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1Rx8 vs 1Rx16

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Zerileous

Senior Member
Joined
Jun 21, 2002
Here is another (mostly) Ryzen strange memory performance quirk. We all saw the dual rank (or 2x single rank via 4 sticks) vs single rank (https://hardwarecanucks.com/memory/choosing-the-best-amd-ryzen-5000-memory-a-beginners-guide/#ranks). Now a Linus video is reporting up to 10% performance difference on laptops with 1Rx8 vs 1Rx16 (half as many chips in the latter) in some games.
. I wonder if this is reproducible and I wonder if this is related to the single/dual rank issue.

edit: I accidentally included an article addressing single vs dual channel instead of single vs dual rank.
 

bmwbaxter

Joined
Jun 9, 2010
It wasn't just limited to the AMD system, the Intel system saw a comparable performance hit when paired with the "slow" ram.
 

Woomack

Benching Team Leader
Joined
Jan 2, 2005
It's more like things you can't see. Less chips = higher density IC (generally every IC is going this way). Higher density = more relaxed sub timings and also configurable ones in the SPD. Here you have these couple of % performance. I wouldn't blame it on 1Rx8 vs 1Rx16 but simply totally different memory profiles. SPD has maybe 12 timings, this is programmable. Everything else is automatically adjusted by BIOS when it's recognizing/training the memory module. So 1Rx8 in this case is single rank and additionally is trained like 32GB modules. Think about DDR4-3200 with tRFC at about 800.
Other way, less chips = cheaper production and can use the same IC in 8GB, 16GB and 32GB modules. So 4, 8 and 16 chips on a single memory module.

As long as 1Rx8 is a "starter" memory and laptops come with 1 module, then it's like instant replacement for most users. The only problem is when laptop has only one socket or RAM is soldered.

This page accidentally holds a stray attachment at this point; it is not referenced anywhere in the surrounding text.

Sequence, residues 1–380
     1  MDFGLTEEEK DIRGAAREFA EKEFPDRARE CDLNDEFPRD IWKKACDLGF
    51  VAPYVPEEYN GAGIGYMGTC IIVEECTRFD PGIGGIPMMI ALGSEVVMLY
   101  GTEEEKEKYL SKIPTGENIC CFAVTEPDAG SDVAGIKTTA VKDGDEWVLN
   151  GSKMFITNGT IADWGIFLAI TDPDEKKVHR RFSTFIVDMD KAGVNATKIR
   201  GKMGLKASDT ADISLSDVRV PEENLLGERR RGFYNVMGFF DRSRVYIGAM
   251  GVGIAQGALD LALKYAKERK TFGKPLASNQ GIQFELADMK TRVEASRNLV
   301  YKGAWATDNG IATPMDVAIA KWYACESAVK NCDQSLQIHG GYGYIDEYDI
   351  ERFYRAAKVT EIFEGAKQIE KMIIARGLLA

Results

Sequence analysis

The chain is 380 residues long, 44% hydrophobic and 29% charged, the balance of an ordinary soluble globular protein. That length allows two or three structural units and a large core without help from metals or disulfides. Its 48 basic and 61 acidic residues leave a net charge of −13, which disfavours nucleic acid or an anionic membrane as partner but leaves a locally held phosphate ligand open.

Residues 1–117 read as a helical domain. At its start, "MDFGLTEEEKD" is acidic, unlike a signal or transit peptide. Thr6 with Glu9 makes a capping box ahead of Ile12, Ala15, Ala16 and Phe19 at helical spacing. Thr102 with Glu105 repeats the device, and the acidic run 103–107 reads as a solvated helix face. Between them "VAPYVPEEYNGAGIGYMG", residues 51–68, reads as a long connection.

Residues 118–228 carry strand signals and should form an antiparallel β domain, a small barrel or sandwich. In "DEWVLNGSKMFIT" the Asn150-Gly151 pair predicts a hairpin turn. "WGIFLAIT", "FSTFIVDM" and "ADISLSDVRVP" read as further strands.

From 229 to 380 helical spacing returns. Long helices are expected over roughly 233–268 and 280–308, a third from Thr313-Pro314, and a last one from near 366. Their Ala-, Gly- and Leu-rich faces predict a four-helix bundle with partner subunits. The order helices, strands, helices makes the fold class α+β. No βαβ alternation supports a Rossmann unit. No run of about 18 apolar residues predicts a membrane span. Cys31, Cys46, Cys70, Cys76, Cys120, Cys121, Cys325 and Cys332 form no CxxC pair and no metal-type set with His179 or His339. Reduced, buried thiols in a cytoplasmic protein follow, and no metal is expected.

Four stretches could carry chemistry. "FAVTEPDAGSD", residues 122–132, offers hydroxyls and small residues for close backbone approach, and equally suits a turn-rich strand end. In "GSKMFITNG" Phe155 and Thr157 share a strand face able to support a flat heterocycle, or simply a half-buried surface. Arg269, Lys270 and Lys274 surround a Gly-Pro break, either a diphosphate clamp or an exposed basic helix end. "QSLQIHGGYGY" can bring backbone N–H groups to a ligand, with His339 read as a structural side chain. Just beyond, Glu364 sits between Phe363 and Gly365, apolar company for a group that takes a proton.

It's the same with SSD. Brands like Lenovo or Dell are selling cheaper and business series laptops with short, DRAM-less M.2 SSD that are cheaper but lack performance.
 

bmwbaxter

Joined
Jun 9, 2010
Does that mean that the “fast” ram set to the “slow” ram timings would perform the same?


 

Woomack

Benching Team Leader
Joined
Jan 2, 2005
Does that mean that the “fast” ram set to the “slow” ram timings would perform the same?

Yes and no ... at least in the case of SODIMM. Yes as you can adjust SPD but there are only ~12 timings (as long as you can edit the SPD). No, as you can't adjust additional timings and the motherboard will always set very relaxed sub-timings on the "slow" RAM.
The typical user can't make anything with that if it's SODIMM as to edit/adjust SPD/timings is required:
1. Laptop with XMP support or memory settings in BIOS. Most laptops don't have that.
2. Software like Thaiphoon Burner - not all memory modules are unlocked for programming so software may not work.
3. Hardware programmer - like anyone will get that for a single memory kit.

I made some SODIMM reviews with SPD editing but most were covering 2x32GB kits so dual-rank + dual-channel and high JEDEC profiles.

If there is a standard DIMM in use then you can adjust most timings manually on better motherboards.

@ed, he actually said the same as I did but on different examples :) I see he didn't like Linus video and made his own ... also some viewers made stupid comments to his comment so I guess he wanted to prove something ;)